“Capturing even mild cognitive impairment on the BIMS increases reimbursement up to $17 per day. There is no extra service cost associated with direct care needs beyond the minimal additional time staff may need to spend with a client to motivate them, which has not changed since the start of the Medicare program. However, the care for this population is demonstrably different, and so it should be reflected in their care plan.”

My colleagues also shared with me several disconnects between coding a condition on the MDS and properly coding the same condition in a way that counts. For example, E66.9 (Obesity, unspecified) would not afford you any NTA points; however, you would receive points for E66.01 (Morbid obesity due to excess calories), E66.2 (Morbid obesity with alveolar hypoventilation), or Z68.4- (BMI 40 or greater). “if appropriately documented, properly coding patient’s obesity would offer the reimbursement to compensate for your care. 

Sheryl had a similar, yet different, comment about malnutrition. She’s seen that some facilities overlook this diagnosis, yet actively address it in care plans:

“We’re seeing an increase in coding for the malnutrition NTA in Section I5600, malnutrition (protein or calorie) or at risk for malnutrition. However, we are not seeing the physician or clinical team describing the specific reason for risk for the individual, or the proposed plan for care and monitoring for this diagnosis. Remember, although hospitalization may increase the risk of malnutrition for older adults, the diagnosis alone is not sufficient to support an NTA without documentation of labs, weight tracking, and other clinical interventions.” 

Several on the team also spoke about the increase in COPD with shortness of breath (SOB) while lying flat, which is a gateway to Special Care High — a “desired classification” in the Nursing component. I heard both sides of the coin on this one. Some facilities overlook the additional benefit of capturing SOB while lying flat, even though they treat it, while others code the SOB without adequate documentation. This is an issue. SOB assessment and proper treatment can significantly impact rehospitalization, engagement, quality of life and reimbursement. One astute consultant also was looking for coding patterns of SOB in anticipation of compliance concerns. Only J1100C is counted, while J1100A–B are not. Yet clinically, they often coexist.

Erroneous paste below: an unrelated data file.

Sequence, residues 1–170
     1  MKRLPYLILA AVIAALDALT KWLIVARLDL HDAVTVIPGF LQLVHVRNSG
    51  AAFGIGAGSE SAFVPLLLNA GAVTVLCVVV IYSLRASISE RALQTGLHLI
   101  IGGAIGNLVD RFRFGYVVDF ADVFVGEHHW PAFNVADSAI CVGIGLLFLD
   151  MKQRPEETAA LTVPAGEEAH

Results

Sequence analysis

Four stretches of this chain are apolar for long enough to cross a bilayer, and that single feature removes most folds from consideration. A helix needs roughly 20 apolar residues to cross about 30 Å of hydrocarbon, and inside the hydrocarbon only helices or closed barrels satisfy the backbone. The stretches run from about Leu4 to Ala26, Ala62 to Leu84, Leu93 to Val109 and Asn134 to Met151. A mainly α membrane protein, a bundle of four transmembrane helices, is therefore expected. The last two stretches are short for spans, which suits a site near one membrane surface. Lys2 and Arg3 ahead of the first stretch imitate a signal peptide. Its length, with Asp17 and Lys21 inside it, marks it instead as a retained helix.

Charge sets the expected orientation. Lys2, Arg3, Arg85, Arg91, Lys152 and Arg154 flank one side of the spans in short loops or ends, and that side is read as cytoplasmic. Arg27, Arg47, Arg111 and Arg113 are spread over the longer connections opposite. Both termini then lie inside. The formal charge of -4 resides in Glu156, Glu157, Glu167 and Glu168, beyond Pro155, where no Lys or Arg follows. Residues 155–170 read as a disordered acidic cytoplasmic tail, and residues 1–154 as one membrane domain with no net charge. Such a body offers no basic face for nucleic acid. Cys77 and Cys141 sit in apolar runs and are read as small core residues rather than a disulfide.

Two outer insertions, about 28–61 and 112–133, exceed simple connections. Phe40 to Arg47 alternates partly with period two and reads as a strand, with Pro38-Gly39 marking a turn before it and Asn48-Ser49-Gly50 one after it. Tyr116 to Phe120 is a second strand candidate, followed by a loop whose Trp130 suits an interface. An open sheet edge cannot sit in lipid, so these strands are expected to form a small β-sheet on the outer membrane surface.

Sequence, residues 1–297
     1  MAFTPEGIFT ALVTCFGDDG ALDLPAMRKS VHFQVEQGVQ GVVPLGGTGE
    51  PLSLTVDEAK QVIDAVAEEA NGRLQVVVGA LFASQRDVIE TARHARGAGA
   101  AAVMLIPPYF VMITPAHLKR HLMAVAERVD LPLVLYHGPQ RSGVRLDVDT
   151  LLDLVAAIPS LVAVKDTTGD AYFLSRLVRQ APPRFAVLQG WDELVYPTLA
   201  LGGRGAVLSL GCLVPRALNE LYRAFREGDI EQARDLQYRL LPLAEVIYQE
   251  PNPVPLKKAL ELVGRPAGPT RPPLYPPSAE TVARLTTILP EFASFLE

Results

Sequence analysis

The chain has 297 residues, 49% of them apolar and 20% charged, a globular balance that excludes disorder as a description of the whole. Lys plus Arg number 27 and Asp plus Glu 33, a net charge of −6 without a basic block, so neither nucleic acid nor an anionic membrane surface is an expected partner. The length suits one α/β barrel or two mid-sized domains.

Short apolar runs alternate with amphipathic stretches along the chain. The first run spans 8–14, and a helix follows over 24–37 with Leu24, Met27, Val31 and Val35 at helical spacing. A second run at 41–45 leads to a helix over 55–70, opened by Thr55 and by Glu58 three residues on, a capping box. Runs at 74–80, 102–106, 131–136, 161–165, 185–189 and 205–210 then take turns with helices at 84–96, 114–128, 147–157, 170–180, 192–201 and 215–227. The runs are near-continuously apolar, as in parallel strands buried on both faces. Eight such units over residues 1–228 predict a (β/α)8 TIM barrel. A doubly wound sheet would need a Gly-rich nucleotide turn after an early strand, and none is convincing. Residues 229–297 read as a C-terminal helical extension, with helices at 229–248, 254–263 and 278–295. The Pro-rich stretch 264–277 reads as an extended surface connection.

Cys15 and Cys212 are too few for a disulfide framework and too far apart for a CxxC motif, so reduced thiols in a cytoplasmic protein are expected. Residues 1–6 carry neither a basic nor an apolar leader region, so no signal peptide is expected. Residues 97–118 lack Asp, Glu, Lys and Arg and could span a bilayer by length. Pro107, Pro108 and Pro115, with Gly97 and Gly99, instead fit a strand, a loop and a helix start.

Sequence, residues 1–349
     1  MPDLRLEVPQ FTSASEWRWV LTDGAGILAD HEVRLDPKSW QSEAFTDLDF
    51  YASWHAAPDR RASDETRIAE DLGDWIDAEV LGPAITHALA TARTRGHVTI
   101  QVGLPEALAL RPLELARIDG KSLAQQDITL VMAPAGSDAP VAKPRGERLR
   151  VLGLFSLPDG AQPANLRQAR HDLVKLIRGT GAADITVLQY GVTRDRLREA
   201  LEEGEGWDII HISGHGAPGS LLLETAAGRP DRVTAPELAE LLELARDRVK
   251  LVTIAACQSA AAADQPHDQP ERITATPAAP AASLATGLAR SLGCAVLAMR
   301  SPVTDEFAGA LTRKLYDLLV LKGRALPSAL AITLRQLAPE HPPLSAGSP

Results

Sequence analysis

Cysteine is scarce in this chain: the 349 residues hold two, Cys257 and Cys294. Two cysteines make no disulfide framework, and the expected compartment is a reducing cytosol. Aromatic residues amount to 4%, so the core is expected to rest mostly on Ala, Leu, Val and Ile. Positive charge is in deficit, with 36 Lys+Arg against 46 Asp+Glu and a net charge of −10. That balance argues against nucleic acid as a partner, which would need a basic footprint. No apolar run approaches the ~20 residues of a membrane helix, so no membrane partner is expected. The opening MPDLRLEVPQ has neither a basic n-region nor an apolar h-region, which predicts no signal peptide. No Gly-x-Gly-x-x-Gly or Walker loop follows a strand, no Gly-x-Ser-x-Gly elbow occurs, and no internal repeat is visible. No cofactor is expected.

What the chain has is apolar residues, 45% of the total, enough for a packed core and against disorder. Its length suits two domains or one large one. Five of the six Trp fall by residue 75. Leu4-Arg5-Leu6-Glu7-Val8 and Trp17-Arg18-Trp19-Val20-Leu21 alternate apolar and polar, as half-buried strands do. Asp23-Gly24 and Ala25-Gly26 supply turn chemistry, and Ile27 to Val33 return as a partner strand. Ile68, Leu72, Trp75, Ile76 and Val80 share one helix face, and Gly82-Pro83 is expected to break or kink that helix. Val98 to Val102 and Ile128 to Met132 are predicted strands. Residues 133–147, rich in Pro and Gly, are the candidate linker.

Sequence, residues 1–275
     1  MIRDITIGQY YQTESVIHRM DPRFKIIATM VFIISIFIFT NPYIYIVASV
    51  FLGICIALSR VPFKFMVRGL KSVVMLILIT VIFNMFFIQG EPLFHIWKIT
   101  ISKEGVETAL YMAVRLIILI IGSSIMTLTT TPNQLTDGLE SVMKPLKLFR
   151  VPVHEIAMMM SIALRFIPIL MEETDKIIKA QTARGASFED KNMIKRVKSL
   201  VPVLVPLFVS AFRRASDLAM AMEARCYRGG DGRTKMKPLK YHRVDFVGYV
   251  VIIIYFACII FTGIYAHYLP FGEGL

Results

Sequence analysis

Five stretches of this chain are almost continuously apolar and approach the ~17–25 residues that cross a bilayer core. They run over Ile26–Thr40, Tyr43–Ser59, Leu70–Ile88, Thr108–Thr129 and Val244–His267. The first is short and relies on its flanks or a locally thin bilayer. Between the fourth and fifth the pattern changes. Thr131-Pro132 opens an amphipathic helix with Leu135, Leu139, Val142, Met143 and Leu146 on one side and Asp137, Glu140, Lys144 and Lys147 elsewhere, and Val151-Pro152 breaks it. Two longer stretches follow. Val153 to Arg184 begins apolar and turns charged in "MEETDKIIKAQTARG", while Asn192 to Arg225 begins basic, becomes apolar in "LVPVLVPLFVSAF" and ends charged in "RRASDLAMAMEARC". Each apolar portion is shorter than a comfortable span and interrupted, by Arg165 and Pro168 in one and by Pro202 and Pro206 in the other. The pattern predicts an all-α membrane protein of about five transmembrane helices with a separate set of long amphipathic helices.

My colleague Vincent Fedele is a partner at ZHSG, but also the COO of CORE Analytics. Since the beginning of October, he’s been processing UB-04 data and finding significant disconnects between the claims and MDS. The disconnects almost always point to a PDPM reimbursement opportunity, says Vincent:

“The MDS and UB are two different sets of data describing the patient. They should be telling the same story, but they often do not. Systematically reviewing the claim reveals potential MDS errors and omissions which can often be corrected prior to claim submission when supportive documentation was in place. For example, we often find diagnoses on the claim, which count as NTA points or SLP items, not properly coded on the MDS. Or even line-item revenue codes associated with IV medications that pull directly from the pharmacy system, yet the MDS shows no NTA or Nursing credit for the item.”

Gobble gobble! Well, that was fun. The overarching theme my colleagues have conveyed is the continued need for MDS education (or reeducation), PDPM final rule and documentation, and thorough assessments translated into well-documented care. 

They also shared with me that you’re still standing, and so are your patients! That’s good news indeed. On Oct. 1, 2019, you passed the finish line — which is really the starting line. And you’ve proven once again that you are resilient, capable and mission driven.

Steven Littlehale is a gerontological clinical nurse specialist, chief innovation officer at Zimmet Healthcare Services Group, and chief clinical officer emeritus at PointRight Inc.